During my first-year music theory course at Queen’s University, Professor John Burge demonstrated a particular harmonic sequence using the opening chords of “O Canada” as an example. The first three chords are basic enough, a riff off Pachelbel’s Canon, but in “O Canada” their resolution is relaxed, making the familiar strong chords tentative—which is a curious construction for what is supposed to be a patriotic march. Anthems typically boast at the onset, pursuing unflinching triumph rather than coy lyricism. Burge pointed out that this particular harmonic design dovetails with the unassuming Canadian identity. He suggested that this coincidence was possibly due to intuition on the part of the composer or, perhaps, that this inaugural delicate pathos appealed to later generations when they adopted “O Canada” as our national anthem.
Burge timed the lesson to fall on an election day and interrupted the class to answer a fake phone call from Prime Minister Paul Martin—the purpose of which was to inspire the class, predominantly 18-year-olds, to vote for the first time. After hanging up the phone, Burge launched into a full-fledged performance of “O Canada” on the grand piano. The music majors sang with their practised voices a compelling and impromptu rendition of the national anthem. Burge’s performance was a lesson on the relationship between music and nationalism.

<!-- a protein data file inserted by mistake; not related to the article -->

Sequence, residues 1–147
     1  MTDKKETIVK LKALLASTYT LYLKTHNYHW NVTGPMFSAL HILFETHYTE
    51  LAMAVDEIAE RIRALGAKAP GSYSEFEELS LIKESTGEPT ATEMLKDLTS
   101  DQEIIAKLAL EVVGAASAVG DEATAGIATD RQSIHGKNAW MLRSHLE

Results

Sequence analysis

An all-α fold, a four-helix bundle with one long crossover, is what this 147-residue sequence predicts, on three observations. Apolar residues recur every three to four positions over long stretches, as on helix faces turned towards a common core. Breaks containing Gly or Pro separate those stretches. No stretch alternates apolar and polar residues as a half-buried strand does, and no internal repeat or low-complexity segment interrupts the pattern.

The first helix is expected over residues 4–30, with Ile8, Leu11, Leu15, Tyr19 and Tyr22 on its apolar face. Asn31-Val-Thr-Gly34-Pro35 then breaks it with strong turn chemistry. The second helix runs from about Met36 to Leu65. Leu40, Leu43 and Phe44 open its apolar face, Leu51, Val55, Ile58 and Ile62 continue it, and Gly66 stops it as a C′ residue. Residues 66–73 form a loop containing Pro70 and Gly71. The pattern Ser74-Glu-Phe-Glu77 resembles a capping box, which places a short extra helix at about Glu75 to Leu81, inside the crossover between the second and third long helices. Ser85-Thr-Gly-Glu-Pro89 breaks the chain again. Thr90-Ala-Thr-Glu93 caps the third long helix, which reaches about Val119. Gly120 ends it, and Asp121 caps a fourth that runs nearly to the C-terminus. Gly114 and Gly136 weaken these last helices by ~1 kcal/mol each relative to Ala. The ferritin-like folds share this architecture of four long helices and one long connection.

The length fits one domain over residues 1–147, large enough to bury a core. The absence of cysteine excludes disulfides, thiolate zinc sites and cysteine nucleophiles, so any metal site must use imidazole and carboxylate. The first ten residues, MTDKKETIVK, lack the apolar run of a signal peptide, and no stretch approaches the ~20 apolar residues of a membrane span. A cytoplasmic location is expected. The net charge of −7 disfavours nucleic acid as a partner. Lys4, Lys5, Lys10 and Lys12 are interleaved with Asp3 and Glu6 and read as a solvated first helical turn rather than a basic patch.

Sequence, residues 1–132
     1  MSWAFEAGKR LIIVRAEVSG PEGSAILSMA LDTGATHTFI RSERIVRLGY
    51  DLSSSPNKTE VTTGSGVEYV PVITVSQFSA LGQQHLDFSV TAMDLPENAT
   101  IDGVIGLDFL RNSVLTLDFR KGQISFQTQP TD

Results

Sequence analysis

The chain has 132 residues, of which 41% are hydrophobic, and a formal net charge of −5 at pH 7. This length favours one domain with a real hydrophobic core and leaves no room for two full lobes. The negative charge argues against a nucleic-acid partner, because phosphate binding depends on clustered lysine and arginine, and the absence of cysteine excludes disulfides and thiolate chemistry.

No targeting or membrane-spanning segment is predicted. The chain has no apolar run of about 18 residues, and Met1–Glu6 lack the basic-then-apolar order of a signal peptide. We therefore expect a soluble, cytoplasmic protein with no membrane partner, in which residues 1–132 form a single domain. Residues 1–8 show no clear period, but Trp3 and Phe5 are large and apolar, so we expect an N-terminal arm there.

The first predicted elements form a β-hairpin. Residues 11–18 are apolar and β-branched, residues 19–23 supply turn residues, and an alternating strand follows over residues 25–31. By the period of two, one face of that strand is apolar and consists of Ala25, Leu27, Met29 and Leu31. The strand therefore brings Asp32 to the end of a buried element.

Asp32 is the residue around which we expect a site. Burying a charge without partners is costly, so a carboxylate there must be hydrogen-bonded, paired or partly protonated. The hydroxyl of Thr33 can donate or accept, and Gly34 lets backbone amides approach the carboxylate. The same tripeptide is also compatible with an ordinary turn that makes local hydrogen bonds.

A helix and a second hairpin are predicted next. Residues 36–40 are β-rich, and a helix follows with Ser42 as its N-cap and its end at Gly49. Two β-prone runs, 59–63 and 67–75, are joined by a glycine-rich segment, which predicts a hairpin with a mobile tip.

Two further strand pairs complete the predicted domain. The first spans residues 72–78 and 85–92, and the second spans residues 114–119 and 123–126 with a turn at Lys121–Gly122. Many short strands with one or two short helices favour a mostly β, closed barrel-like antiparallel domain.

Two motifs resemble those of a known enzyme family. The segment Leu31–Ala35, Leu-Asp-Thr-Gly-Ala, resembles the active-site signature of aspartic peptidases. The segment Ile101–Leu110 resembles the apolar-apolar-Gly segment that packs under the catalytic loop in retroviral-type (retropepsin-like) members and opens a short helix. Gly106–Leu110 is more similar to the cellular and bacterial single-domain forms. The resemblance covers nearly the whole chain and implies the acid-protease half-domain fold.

In Anthems and Minstrel Shows: The Life and Times of Calixa Lavallée, 1842–1891, Brian Christopher Thompson contemplates this necessary rapport between politics and music in revisiting the story of Calixa Lavallée, the French Canadian composer of “O Canada.” Thompson exhumes the figure of Lavallée and strips him of the nationalist mythologies sewn into his legacy, revealing a more complex and cosmopolitan life than earlier thought. The author steers clear of inaccurate encyclopedia entries touting Lavallée as a humble patriot and, instead, focuses on his letters, music and criticism to unearth the scattered trail the composer left behind. In order to give a sense of the scope of Lavallée’s broad range, the book includes a complete catalogue of Lavallée’s compositions and scores of selected pieces. What emerges is a portrait of an international musician, well versed in high- and low-brow music alike, navigating social and political forces of the 19th century in Canada and abroad.